Army medical logisticians are looking to 3D printing as a potential solution to this challenge

Recommended Content:

Military Hospitals and Clinics | Technology | Combat Support | Medical Logistics

U.S. Transportation Command: DoD’s manager for global patient movement

Article
1/9/2020
An ambulance bus backs up to the Mississippi Air National Guard C-17 Globemaster III as Airmen prepare to unload patients at Joint Base Andrews, Maryland. The bus transports the ill and/or injured to Walter Reed National Military Medical Center in Bethesda, Maryland. JBA and Travis Air Force Base, California, serve as the primary military entry points or hubs for patient distribution within the continental United States. (U.S. Air Force photo by Karina Luis)

On a weekly basis, USTRANSCOM moves up to 40 patients from overseas to CONUS

Recommended Content:

Health Readiness | Military Hospitals and Clinics

Navy Medicine demonstrates Virtual Health options to Africa

Article
1/6/2020
Air Force Staff Sgt. Danny Lim practices conducting a throat examination on Army Sgt. Harvey Drayton at Chabelley Airfield, Djibouti. Drayton and Lim were introduced to the Telehealth In A Bag system during a recent visit that included personnel from Regional Health Command Europe's virtual health team. (U.S. Army photo by Russell Toof)

Djibouti hosts the largest U.S. American military base on the African continent

Recommended Content:

Health Readiness | Military Hospitals and Clinics

Achievements in 2019 provide strong foundation for year ahead

Article
12/23/2019
A Year in Review: Year of Military Health 2019

Dedication, commitment to mission praised as changes continue

Recommended Content:

TRICARE Health Program | MHS GENESIS | Research and Innovation | Preventive Health | MHS Transformation

Air Force, Army medics save groom

Article
12/19/2019
Airmen from the 18th Aeromedical Evacuation Squadron simulate life-saving procedures to a training manikin onboard a KC-135 Stratotanker during an exercise out of Kadena Air Base, Japan. The 18th AES maintains a forward operating presence, and was instrumental in saving an Airman’s life. (U.S. Air Force photo by Senior Airman Matthew Seefeldt)

NCO’s first aeromedical evacuation mission was definitely challenging

Recommended Content:

Health Readiness | Military Hospitals and Clinics

Payne visits service members, facilities in Puget Sound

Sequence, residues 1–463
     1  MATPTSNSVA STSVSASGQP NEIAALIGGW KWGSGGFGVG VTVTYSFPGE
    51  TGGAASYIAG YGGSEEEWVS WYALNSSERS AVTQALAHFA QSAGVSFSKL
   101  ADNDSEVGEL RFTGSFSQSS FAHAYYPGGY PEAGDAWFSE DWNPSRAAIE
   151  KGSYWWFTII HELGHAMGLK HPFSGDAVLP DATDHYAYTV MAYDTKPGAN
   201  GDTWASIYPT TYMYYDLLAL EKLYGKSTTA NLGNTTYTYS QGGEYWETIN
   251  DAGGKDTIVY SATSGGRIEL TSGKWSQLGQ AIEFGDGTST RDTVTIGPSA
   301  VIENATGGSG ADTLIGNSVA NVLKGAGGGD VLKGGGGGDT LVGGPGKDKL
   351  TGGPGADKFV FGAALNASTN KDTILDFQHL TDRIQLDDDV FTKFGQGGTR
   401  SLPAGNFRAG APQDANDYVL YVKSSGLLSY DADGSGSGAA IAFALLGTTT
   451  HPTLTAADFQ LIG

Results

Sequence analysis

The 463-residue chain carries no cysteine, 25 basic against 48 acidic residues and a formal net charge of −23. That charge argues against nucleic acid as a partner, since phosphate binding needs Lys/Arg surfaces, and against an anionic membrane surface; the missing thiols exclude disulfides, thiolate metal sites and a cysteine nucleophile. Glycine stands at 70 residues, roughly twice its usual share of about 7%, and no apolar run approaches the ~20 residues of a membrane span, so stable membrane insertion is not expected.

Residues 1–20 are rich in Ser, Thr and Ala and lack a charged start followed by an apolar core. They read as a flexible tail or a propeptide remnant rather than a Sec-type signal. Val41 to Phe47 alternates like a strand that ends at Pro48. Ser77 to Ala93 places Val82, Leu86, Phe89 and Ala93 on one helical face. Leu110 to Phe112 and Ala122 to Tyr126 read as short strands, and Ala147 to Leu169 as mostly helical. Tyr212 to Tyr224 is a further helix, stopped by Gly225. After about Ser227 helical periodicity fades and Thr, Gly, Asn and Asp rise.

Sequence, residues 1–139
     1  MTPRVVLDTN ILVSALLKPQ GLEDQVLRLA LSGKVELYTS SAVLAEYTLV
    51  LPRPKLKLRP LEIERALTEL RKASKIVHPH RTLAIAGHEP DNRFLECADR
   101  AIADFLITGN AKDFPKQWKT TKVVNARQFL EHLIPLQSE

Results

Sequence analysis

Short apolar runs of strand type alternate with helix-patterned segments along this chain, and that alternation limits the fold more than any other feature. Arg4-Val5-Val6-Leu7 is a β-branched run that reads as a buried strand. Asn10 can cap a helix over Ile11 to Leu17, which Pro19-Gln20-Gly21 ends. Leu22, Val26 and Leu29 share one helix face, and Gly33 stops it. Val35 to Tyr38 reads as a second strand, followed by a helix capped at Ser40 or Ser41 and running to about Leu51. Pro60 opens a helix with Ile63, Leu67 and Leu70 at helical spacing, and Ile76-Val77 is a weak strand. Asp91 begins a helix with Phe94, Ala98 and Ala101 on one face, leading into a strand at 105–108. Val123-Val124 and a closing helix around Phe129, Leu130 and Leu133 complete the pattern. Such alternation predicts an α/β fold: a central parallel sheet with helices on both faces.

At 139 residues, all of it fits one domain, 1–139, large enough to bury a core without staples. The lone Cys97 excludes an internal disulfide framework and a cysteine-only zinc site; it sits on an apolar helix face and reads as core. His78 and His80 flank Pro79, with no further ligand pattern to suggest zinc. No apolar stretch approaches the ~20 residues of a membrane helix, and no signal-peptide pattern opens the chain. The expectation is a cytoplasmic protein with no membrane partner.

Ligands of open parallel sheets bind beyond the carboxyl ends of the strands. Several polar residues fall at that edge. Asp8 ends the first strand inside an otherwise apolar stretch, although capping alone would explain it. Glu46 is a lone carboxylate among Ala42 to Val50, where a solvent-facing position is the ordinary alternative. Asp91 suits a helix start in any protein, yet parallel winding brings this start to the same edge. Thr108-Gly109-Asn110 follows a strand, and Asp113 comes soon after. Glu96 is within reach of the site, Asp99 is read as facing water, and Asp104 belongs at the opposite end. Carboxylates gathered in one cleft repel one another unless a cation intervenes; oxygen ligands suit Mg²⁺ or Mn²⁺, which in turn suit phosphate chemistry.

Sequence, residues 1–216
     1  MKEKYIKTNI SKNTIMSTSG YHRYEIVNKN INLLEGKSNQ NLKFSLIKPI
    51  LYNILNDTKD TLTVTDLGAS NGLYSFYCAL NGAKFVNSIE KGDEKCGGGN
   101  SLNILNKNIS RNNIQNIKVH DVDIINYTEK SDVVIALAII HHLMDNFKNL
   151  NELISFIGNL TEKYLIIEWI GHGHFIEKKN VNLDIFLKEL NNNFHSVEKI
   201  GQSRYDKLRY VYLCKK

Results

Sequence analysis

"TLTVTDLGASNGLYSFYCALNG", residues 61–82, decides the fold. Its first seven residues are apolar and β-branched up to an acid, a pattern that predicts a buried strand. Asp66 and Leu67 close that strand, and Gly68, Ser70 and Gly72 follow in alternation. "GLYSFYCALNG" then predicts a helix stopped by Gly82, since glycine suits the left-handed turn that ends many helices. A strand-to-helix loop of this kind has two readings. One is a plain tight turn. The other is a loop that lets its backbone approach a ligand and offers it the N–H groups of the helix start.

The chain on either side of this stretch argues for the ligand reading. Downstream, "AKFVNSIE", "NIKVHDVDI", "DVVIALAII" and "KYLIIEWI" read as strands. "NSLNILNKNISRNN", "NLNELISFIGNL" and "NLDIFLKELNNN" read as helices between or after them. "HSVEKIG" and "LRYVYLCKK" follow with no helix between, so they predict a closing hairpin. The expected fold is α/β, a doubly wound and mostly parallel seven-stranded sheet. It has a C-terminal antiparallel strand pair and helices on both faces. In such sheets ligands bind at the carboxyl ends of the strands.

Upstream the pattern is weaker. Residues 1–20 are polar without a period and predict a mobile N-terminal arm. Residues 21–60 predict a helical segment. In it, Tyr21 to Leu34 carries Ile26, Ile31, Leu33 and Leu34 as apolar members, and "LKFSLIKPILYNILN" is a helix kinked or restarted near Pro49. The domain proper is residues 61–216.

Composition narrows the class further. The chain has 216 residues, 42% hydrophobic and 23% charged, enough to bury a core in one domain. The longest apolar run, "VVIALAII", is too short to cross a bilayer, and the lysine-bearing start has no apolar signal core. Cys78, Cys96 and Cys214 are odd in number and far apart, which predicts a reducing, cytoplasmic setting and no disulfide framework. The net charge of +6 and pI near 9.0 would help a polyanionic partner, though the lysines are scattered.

Article
12/18/2019
Air Force Maj. Gen. Lee Payne, assistant director for Combat Support, Defense Health Agency, speaks with service members and staff at Madigan Army Medical Center during a town hall in Letterman Auditorium. Payne visited Madigan as the final stop of his tour of the Pacific Northwest military treatment facilities, also including the Air Force’s 62nd Medical Squadron, Naval Hospital Bremerton and Naval Health Clinic Oak Harbor. He conducted town halls at each location, focusing on MHS transformation, and answering questions from the audience on topics ranging from MHS GENESIS, readiness and training, and the future of military medicine. (U.S. Army photo by Ryan Graham)

Effective combat power depends on military health’s ability to build a medically ready force

Recommended Content:

MHS Transformation | Military Hospitals and Clinics | MHS GENESIS

MHS GENESIS enabler to more effective military health system

Article
12/17/2019
Air Force Maj. Gen. (Dr.) Lee Payne director for Combat Support at the Defense Health Agency, discusses the transformative effects of MHS GENESIS, the Department of Defense’s new electronic health record, during the 2019 Society of Federal Health Professionals’ annual meeting in National Harbor, Maryland. Payne explained that the new electronic health record will ensure high quality care for patients while protecting the safety and security of patient information. MHS GENESIS will deploy in phases to all DoD military treatment facilities by 2023. (DHA Photo)

New health record helps advance patient safety, quality care

Recommended Content:

MHS GENESIS

DHA transition discussion hosted at Naval Hospital Bremerton

Article
12/12/2019
Air Force Maj. Gen. Lee E. Payne, Assistant Director for Combat Support Agency, Defense Health Agency explained to Naval Hospital Bremerton staff members during a Town Hall meeting there are four overlapping areas of focus for DHA which are great outcomes, ready medical force, satisfied patients, and fulfilled staff, all contributing to the goal of having a medically ready force and a ready medical force.

The most important outcome for us is a medically ready force

Recommended Content:

MHS Transformation | Military Hospitals and Clinics
<< < 1 2 3 4 5  ... > >> 
Showing results 1 - 15 Page 1 of 7

DHA Address: 7700 Arlington Boulevard | Suite 5101 | Falls Church, VA | 22042-5101

Some documents are presented in Portable Document Format (PDF). A PDF reader is required for viewing. Download a PDF Reader or learn more about PDFs.